Gov. Roy Cooper announced Monday two new appointments to the state Court of Appeals.
The new judges are Reuben Young, who currently serves as chief deputy secretary for adult corrections and juvenile justice at the North Carolina Department of Public Safety, and Chris Brook, who is currently the legal director of the ACLU of North Carolina.
“The work of the North Carolina Court of Appeals must instill confidence in the people of our state, reminding them they live within a fair and just society,” Cooper wrote in a news release. “These appointees will bring extensive legal experience to their service on the court.”
Both Young and Brook are registered Democrats. They are filling vacancies left by now state Supreme Court Justice Mark Davis (who was appointed to fill a vacancy left by current Chief Justice Cheri Beasley, who was appointed to that role upon Mark Martin’s unexpected retirement) and Judge Robert Hunter, who retired April 1. The court will become an 8-7 Democratic majority.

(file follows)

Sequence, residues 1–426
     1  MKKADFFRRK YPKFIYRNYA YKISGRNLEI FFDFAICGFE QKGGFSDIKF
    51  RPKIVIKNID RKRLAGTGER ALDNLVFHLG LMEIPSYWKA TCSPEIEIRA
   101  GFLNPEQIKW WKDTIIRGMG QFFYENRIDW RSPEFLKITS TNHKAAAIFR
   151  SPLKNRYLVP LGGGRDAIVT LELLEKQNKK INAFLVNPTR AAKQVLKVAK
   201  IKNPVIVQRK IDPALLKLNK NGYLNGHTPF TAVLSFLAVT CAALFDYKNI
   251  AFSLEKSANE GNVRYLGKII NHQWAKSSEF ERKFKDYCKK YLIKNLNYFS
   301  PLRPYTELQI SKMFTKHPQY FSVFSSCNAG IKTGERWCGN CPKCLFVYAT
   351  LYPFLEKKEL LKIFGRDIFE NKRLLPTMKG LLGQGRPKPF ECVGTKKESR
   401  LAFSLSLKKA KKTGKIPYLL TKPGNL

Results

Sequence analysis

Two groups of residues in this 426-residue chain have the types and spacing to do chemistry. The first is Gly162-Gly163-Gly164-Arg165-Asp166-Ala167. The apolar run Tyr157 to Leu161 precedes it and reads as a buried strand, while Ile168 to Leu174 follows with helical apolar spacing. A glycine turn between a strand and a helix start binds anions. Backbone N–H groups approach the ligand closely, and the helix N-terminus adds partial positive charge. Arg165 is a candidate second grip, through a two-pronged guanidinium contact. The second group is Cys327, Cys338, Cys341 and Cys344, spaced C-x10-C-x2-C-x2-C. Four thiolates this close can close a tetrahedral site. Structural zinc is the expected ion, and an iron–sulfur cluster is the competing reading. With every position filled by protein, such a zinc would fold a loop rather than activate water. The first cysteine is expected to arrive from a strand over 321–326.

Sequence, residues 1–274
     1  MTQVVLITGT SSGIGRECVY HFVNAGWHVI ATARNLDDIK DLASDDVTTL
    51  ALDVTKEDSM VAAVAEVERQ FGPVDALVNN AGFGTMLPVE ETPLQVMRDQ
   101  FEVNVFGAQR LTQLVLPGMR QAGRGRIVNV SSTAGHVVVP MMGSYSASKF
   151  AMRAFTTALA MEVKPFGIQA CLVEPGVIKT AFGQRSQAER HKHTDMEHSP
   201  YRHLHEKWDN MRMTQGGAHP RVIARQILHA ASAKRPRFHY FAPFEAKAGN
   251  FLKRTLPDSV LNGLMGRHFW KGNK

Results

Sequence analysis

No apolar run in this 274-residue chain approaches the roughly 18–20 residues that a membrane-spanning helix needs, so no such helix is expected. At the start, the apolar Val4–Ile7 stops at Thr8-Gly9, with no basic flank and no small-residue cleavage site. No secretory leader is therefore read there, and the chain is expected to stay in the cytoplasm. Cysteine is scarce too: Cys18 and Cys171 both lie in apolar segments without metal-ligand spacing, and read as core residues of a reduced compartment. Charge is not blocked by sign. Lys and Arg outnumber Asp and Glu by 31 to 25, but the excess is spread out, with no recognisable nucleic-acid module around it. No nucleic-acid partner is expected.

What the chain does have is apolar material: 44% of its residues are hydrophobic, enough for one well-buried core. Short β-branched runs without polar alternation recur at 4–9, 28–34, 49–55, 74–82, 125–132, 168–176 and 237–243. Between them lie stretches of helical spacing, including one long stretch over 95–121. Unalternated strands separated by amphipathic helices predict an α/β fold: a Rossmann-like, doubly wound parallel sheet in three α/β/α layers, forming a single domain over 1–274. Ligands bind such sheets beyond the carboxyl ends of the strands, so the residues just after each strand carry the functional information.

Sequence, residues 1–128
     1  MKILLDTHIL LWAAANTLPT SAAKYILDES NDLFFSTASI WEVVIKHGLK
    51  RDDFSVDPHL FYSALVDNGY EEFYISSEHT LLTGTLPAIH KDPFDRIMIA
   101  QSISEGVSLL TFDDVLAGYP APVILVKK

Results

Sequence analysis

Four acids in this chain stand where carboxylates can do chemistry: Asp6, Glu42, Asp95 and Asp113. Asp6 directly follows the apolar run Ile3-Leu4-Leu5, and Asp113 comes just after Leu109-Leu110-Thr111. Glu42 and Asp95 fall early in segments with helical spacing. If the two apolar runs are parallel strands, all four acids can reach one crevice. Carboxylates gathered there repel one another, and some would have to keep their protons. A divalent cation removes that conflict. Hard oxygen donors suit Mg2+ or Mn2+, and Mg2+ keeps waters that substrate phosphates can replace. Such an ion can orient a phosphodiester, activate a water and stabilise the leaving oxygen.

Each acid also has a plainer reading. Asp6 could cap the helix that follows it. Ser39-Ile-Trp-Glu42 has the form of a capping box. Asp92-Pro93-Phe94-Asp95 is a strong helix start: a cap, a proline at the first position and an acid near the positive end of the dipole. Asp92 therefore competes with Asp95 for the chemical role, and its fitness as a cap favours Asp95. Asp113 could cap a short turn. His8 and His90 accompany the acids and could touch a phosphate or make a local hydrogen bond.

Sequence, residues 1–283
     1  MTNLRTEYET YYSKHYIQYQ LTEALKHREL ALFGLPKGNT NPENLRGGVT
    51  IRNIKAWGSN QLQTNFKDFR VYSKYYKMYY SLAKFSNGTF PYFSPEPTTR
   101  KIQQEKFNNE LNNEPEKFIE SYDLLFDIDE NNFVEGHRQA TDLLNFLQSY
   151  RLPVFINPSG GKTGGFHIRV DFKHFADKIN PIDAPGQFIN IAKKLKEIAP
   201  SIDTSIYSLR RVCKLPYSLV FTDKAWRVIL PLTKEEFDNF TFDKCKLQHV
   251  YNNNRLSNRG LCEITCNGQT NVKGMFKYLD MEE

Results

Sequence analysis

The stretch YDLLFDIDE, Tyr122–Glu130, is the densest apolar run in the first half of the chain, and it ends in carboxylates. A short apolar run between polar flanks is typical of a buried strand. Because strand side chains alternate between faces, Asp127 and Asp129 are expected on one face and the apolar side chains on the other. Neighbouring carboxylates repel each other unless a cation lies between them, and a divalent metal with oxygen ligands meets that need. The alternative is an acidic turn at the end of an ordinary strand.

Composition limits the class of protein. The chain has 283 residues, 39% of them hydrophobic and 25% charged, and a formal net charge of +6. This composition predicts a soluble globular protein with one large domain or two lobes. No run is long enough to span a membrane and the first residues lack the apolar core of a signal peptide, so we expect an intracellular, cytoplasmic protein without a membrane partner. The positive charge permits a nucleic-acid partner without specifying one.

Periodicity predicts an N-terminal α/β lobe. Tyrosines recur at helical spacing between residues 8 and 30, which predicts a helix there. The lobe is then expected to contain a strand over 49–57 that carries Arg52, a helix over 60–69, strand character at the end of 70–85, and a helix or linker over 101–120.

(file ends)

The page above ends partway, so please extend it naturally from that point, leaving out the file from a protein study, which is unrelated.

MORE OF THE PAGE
Young previously served for five years as a special superior court judge and as Secretary of the NC Department of Public Safety. He also served as chief legal counsel in the Governor’s office. He received his undergraduate degree from Howard University and his law degree from North Carolina Central University.
Brook is no stranger to North Carolina’s appellate system. He has been to the Court of Appeals many times in his capacity as legal director at the ACLU. He challenged the state’s anti-LGBTQ HB2 law and has been involved in many ACLU cases. The organization’s website highlights specifically his work to safeguard religious liberty in public schools, his fight against Amendment One and to narrow its potential collateral consequence, and his work to protect free assembly rights in Charlotte during the Democratic National Convention.
Brook previously served as a staff attorney for the Southern Coalition for Social Justice and as an attorney in private practice. He received his undergraduate and law degrees from the University of North Carolina at Chapel Hill.
Neither Young nor Brook immediately responded to email requests for comment.
The Court of Appeals decides only questions of law, not questions of fact. It reviews cases appealed from lower courts for errors of law or legal procedure. Some of its cases can be appealed to the state Supreme Court.